Retro rocket: Fiat 500 follows Mini with a blitz of funky models
The Fiat 500 has been wowing its fans since its 2007 reinvention reprised a 1950s Italian icon. Jack Evans tests a special anniversary version.
Jack Evans tests a special anniversary version.
We've just passed the 60th anniversary of the original Fiat 500. The compact forebear to the modern 500 was immensely popular, offering low-cost, affordable motoring to the masses. The new car took on the cutesy styling of the classic 500, bringing it into the modern age with better practicality and a lot more safety.
To the uninitiated, the Fiat 500 is a two-door, four-passenger, front wheel drive city car that comes in a range of body styles including coupe and cabriolet.
There are other Fiat 500s, including the 500X and 500L, which, in true MINI style, are bigger than the original.
Inspired by a 2004 Fiat concept car, the 500's styling deliberately echoes a car etched in Italian consciousness: the 1957 Fiat 500, nicknamed the Bambino.
The "little baby" sold over 4 million models between 1957 and 1975, and popularised motoring in post-war Italy.
The 500 uses Fiat's award-winning Multiair engine technology, with moden tech and driver assists carefully blended with its retro looks.
It was officially unveiled on July 4, 2007, and up to 250,000 people flocked to 30 Italian cities to take part in the ceremonies.
To celebrate the car's birthday, Fiat has released this - the 60th. It gets a range of retro touches ideal for anyone looking to stand out from the crowd - though nothing has changed mechanically. The familiar 1.2-litre turbocharged engine is under the bonnet, linked to a five-speed manual gearbox.
Looks and image
A range of special-edition 500s have been created throughout the car's lifetime. There was a Riva model, built in partnership with the famous boat builders, as well as a range of cars made in conjunction with several fashion brands. This is the latest special-edition, and as such comes with a host of 'look at me' additions.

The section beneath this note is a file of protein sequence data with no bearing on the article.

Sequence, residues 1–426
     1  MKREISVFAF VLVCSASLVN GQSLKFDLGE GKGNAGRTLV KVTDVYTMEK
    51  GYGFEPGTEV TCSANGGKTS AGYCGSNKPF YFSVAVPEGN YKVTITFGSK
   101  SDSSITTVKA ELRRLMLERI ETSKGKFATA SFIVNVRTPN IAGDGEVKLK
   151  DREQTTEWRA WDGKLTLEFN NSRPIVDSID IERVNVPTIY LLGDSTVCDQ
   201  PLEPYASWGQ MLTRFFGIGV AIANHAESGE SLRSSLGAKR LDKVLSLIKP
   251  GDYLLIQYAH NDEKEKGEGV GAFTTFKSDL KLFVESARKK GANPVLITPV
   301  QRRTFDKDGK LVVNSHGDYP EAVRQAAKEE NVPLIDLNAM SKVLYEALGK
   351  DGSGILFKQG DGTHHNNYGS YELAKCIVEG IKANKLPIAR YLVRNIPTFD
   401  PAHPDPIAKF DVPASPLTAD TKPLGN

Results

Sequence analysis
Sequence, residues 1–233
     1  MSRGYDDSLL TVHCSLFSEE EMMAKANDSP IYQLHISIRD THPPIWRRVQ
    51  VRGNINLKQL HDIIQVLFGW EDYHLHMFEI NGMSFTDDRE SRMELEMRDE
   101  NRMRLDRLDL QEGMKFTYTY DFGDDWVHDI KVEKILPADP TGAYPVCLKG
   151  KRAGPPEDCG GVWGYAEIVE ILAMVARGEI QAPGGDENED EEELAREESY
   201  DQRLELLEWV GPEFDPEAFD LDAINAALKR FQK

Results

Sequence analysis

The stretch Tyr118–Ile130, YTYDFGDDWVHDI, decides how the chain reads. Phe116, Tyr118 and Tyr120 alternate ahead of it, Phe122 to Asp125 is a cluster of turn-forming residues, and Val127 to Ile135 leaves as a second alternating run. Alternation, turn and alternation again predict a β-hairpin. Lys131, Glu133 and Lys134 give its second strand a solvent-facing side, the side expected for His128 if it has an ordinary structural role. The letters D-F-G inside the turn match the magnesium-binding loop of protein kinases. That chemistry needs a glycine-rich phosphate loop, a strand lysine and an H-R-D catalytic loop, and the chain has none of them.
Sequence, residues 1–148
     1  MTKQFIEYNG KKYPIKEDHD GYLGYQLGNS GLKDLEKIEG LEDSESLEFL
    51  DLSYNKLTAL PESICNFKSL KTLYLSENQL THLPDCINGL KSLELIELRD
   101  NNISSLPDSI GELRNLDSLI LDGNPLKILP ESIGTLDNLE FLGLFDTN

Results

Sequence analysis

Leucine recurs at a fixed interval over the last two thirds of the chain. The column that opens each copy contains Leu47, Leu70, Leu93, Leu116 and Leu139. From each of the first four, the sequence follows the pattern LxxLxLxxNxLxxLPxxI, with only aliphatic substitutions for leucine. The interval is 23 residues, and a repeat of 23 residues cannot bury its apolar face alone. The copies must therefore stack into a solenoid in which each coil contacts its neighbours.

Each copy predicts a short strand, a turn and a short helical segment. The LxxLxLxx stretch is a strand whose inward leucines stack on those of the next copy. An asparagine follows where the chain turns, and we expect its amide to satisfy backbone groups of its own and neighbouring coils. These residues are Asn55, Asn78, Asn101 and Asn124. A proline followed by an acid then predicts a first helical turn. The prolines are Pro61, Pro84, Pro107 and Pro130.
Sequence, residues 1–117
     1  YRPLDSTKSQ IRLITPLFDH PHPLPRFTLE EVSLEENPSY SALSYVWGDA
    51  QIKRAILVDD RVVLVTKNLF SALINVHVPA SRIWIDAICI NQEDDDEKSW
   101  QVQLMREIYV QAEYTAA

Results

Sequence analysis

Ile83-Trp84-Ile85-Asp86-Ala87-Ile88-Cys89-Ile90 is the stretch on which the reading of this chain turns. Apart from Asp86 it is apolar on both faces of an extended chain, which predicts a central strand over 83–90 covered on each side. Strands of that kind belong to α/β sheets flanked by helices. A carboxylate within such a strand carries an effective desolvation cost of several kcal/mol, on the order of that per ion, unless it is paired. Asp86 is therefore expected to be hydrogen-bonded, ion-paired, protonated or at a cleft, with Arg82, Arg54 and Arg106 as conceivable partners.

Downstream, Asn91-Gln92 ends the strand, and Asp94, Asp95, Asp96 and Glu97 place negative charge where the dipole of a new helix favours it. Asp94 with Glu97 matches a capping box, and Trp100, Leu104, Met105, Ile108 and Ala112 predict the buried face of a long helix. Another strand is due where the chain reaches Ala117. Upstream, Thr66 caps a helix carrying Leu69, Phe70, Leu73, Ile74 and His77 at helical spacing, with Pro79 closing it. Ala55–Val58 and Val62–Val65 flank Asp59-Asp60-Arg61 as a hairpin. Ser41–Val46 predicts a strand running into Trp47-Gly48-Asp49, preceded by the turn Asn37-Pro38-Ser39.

There are retro Fiat badges dotted throughout the interior, as well as on the exterior of the car. A unique 'dolcevita' two-tone paintwork has been applied to the body, giving it all of the retro looks of the original, while chrome 'hub cap' style alloy wheels certainly ape those fitted to the old 500.
A new seven-inch TFT display has also been fitted inside, housing satellite navigation and media functions. Speaking of media, both Apple CarPlay and Android Auto have now been included in the 500's infotainment system, giving drivers a better way of pairing their smartphones to the car's system.
Space and practicality
As mentioned earlier, there haven't been any mechanical changes made to the 60th, meaning that the 500 is just as compact as the standard car.
There's still a good amount of room for those in the front, while those in the back struggle for both leg and headroom. Both driver and passenger sit quite high too, which will appeal to those who like to confidently sit over the car - but won't appeal to those who feel more comfortable sat lower down.
The 60th comes with a folding cloth roof, and to facilitate this system Fiat has fitted it with a clamshell-style boot. It's not as practical as the standard car, therefore, which is worth remembering if you're planning on using the 60th as an everyday vehicle.
Behind the wheel
Our test route took in the narrow, cobbled streets of Turin - the 500's home territory. Its swift and nimble handling makes darting in and out of traffic a breeze, while the peppy engine suits the car's frenetic, eager character.
The ride remains quite firm, though the 16-inch special-edition wheels fitted to this car likely play a large part in this problem.
Of course, the 500's 'city steering' button remains, which lightens the car's steering to almost comedic levels, but makes the 500 ideal for travelling through urban areas - as well as changing parallel parking into a manoeuvre that only takes a moment's notice.
Value for money
As mentioned earlier, the biggest benefit to the 500's interior is the all-new, larger infotainment display. It's relatively simple to navigate, and has decent enough sensitivity. However, its lack of a cowl means that it's difficult to read in direct sunlight, something which, in a car with a folding roof, is bound to happen.
Elsewhere, everything feels of a relatively good quality. However, the red finish applied to the 60th Anniversary Edition's dash feels scratchy and hard, something that you'd think would have been avoided in a commemorative car.
The retro Fiat badges do make the car feel special however, while most people will no doubt be attracted by the car's uber-retro styling touches. It's also fitted with a commemorative plaque, signifying the car's limited-edition status.
Who would buy one?
The Fiat 500 60th is a good choice for those who want to stand out from the crowd, and like a little extra magic with their 500.
The basic recipe remains unchanged, but given its limited-edition status, it's one that is likely to appeal to many.